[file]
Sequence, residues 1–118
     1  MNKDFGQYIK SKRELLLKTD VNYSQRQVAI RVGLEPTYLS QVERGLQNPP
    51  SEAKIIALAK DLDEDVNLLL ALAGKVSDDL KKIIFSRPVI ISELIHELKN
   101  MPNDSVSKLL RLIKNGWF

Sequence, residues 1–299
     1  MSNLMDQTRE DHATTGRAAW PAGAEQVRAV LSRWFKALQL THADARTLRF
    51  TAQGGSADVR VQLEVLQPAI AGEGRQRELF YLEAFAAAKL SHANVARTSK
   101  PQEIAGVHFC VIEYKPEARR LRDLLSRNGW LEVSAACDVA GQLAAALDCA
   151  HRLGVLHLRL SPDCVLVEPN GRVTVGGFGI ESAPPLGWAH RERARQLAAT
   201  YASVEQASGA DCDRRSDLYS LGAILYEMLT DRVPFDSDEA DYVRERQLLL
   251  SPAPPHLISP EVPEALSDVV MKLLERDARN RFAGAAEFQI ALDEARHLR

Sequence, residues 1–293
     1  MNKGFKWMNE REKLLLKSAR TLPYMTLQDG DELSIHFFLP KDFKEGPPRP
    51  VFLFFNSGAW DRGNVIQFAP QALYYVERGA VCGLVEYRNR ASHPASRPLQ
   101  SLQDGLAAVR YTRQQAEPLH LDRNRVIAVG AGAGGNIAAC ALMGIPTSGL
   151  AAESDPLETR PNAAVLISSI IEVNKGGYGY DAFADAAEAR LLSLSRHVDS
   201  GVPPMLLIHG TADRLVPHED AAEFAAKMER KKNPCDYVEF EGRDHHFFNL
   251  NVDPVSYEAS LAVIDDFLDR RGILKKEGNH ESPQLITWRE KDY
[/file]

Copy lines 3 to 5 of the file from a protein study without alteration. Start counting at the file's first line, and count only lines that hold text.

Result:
    51  SEAKIIALAK DLDEDVNLLL ALAGKVSDDL KKIIFSRPVI ISELIHELKN
   101  MPNDSVSKLL RLIKNGWF

Sequence, residues 1–299